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If oil spills in the Arctic and no one is around to clean it up, does it just stay there?

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Who will save them after an oil spill?

Oil and shipping companies are salivating as the climate change that they helped cause melts away the ice at the top of the world. Planning and exploration is underway for an Arctic drilling and shipping boom. But what aren't underway are meaningful preparations for responding to the oil that will inevitably be spilled into the remote and rugged Arctic environment by these accident-prone industries.

The National Research Council has catalogued these hazards in a new report, warning that the lack of Arctic infrastructure would become a "significant liability" should oil be spilled.

"It is unlikely that responders could quickly react to an oil spill unless there were improved port and air access, stronger supply chains, and increased capacity to handle equipment, supplies, and personnel," wrote the council in a report requested by the American Petroleum Institute and various U.S. agencies. "There is presently no funding mechanism to provide for development, deployment, and maintenance of temporary and permanent infrastructure."

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Milk & cookies

Tired of milking your cow? There’s a robot for that

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Bursting at the teat, a cow at the Borden family dairy farm ambles over into a big metal cubicle. Like a car in a drive-thru wash, the cow stands still while a rotating brush sweeps under and wipes down her udders. Then the lasers take over, locating the cow’s glands to insert them into plastic tubes, which begin to suck out milk.

This isn’t a scene from a distant, twisted future: Turns out, these milk bots are the next big thing in dairy.

The New York Times reports:

Scores of machines have popped up across New York’s dairy belt and in other states in recent years, changing age-old patterns of daily farm life and reinvigorating the allure of agriculture for a younger, tech-savvy -- and manure-averse -- generation.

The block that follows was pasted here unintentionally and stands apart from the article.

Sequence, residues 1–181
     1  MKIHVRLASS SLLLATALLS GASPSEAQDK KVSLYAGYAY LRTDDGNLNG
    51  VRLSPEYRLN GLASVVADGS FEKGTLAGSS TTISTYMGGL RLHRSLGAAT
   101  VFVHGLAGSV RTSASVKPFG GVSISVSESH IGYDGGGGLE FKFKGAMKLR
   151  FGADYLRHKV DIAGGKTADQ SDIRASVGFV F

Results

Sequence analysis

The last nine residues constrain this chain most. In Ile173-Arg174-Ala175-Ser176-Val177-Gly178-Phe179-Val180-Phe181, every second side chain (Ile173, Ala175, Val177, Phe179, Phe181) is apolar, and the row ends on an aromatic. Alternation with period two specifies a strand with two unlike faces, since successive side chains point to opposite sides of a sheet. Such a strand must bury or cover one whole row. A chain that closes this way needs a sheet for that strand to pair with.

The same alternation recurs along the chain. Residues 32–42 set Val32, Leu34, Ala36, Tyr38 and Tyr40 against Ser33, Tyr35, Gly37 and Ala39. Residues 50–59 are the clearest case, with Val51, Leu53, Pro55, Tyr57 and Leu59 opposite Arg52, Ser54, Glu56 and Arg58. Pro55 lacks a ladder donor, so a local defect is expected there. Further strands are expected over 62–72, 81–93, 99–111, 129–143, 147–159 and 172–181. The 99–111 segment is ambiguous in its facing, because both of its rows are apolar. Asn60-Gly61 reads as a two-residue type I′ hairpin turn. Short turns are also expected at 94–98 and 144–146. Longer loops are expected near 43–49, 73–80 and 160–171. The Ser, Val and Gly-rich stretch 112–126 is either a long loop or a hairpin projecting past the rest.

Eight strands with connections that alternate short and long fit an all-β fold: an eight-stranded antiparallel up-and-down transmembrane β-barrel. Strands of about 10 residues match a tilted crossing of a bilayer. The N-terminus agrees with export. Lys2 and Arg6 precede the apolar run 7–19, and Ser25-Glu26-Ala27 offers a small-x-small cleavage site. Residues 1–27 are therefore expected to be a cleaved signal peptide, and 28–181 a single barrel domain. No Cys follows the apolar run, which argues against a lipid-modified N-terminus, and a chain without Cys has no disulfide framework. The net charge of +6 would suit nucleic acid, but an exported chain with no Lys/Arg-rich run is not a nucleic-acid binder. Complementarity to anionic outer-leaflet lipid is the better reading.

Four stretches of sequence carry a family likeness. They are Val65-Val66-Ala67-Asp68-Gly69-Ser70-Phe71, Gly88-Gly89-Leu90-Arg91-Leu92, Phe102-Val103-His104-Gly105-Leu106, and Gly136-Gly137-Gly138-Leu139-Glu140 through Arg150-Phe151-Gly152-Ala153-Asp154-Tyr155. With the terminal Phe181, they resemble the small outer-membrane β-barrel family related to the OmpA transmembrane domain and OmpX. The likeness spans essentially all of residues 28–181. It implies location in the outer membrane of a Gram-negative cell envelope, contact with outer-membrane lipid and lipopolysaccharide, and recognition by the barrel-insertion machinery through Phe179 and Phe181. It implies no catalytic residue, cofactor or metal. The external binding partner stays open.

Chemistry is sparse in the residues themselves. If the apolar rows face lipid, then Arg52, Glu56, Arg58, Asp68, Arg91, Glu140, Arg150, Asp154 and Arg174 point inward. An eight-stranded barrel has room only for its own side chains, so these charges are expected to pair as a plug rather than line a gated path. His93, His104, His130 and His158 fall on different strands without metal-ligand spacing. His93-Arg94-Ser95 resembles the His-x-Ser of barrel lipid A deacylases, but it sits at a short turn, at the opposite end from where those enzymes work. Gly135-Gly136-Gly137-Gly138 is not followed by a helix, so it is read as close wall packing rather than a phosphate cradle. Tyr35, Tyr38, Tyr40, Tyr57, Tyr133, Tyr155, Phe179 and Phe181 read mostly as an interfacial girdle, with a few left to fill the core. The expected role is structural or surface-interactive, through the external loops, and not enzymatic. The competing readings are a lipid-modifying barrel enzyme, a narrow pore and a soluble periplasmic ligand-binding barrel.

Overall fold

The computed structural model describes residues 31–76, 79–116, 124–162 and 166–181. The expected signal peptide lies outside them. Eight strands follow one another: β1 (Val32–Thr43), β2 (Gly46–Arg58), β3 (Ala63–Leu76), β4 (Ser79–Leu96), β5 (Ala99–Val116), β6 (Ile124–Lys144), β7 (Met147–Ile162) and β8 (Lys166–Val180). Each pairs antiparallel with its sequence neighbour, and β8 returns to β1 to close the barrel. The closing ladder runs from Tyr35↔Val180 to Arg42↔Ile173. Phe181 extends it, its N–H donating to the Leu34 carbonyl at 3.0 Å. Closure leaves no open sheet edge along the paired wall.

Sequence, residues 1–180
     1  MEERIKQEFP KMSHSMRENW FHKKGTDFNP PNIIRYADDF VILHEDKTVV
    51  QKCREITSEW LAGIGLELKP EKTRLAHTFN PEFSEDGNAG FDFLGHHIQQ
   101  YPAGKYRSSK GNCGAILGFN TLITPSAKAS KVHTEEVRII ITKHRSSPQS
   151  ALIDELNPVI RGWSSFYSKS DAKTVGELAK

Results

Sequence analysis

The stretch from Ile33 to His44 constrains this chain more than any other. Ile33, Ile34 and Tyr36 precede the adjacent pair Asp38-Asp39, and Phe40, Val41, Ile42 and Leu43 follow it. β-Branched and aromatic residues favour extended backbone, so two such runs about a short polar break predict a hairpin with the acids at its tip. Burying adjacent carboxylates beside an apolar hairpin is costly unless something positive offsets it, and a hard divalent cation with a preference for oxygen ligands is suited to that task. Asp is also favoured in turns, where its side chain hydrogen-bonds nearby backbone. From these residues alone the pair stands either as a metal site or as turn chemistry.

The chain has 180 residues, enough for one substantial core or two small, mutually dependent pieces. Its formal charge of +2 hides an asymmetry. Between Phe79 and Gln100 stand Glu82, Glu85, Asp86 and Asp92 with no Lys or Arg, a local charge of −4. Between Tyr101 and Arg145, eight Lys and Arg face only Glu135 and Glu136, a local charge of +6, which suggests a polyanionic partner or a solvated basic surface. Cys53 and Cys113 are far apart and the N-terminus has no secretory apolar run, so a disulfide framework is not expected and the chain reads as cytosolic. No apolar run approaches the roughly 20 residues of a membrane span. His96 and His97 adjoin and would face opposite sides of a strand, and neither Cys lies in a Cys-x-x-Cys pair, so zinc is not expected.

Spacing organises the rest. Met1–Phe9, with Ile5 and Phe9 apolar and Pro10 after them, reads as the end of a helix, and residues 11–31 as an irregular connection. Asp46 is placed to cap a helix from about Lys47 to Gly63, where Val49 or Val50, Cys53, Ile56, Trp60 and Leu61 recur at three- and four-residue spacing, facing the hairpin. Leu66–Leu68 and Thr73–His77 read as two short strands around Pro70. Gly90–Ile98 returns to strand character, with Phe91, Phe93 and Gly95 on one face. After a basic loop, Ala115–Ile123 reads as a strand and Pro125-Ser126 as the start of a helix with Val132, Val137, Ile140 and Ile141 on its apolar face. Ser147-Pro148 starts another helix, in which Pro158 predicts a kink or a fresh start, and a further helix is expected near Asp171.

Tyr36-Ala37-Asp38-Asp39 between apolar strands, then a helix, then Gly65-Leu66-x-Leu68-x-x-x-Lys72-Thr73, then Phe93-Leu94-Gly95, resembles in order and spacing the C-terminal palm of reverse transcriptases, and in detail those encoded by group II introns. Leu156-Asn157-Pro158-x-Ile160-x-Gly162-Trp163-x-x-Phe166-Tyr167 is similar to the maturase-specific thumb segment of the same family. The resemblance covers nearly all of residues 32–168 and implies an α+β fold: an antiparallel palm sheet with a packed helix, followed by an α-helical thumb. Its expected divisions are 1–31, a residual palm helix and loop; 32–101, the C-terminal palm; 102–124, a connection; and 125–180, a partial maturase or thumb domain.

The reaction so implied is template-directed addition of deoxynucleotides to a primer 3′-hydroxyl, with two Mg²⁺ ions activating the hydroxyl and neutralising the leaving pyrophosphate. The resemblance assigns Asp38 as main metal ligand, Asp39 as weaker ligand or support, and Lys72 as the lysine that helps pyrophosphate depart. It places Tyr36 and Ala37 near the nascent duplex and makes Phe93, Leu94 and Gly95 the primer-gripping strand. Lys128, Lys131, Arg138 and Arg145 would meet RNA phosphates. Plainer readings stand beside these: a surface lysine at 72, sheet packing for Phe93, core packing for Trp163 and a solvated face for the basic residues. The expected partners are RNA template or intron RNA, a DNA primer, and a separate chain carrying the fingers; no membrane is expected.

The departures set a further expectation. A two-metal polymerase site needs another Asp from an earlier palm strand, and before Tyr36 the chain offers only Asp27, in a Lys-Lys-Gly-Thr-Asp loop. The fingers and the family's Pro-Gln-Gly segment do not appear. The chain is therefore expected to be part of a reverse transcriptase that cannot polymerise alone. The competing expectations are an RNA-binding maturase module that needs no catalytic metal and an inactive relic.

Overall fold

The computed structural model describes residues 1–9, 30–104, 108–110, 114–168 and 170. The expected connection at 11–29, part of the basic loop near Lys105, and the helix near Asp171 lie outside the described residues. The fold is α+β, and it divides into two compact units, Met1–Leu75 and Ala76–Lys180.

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Pony up, frackers: Texas family wins $3 million in contamination lawsuit

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What should you do when a fracking company sets up a drilling site right in your backyard? After you stock up on extra-strength Tylenol and Kleenex for the forthcoming chronic headaches and copious nosebleeds, you might want to call a good lawyer. Yesterday, a jury in a Texas county court issued a landmark ruling against Aruba Petroleum for contaminating a family’s property and making them sick. The company has been ordered to pay $2.925 million in damages to Lisa and Bob Parr of Wise County, Texas. In March 2011, the Parrs filed a lawsuit against Aruba Petroleum, alleging that air …

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Forget Ferrari: The hot rides for sports stars are fuel-efficient

Drew Brees of the New Orleans Saints
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Drew Brees of the New Orleans Saints

The Pro Athlete Stereotype™ wouldn’t be complete without ladies, liquor, and luxury cars. But The New York Times says ballas are increasingly opting for eco-friendly rides. What’s next, trading Dom for kombucha?!

NYT reporter Ken Belson has no hard numbers, but he points to Jeremy Guthrie of the Kansas City Royals as one of the sports stars leading the trend. And he mentions a handful of others who are embracing Teslas and Priuses, whether because they're green, trendy, or high-performance: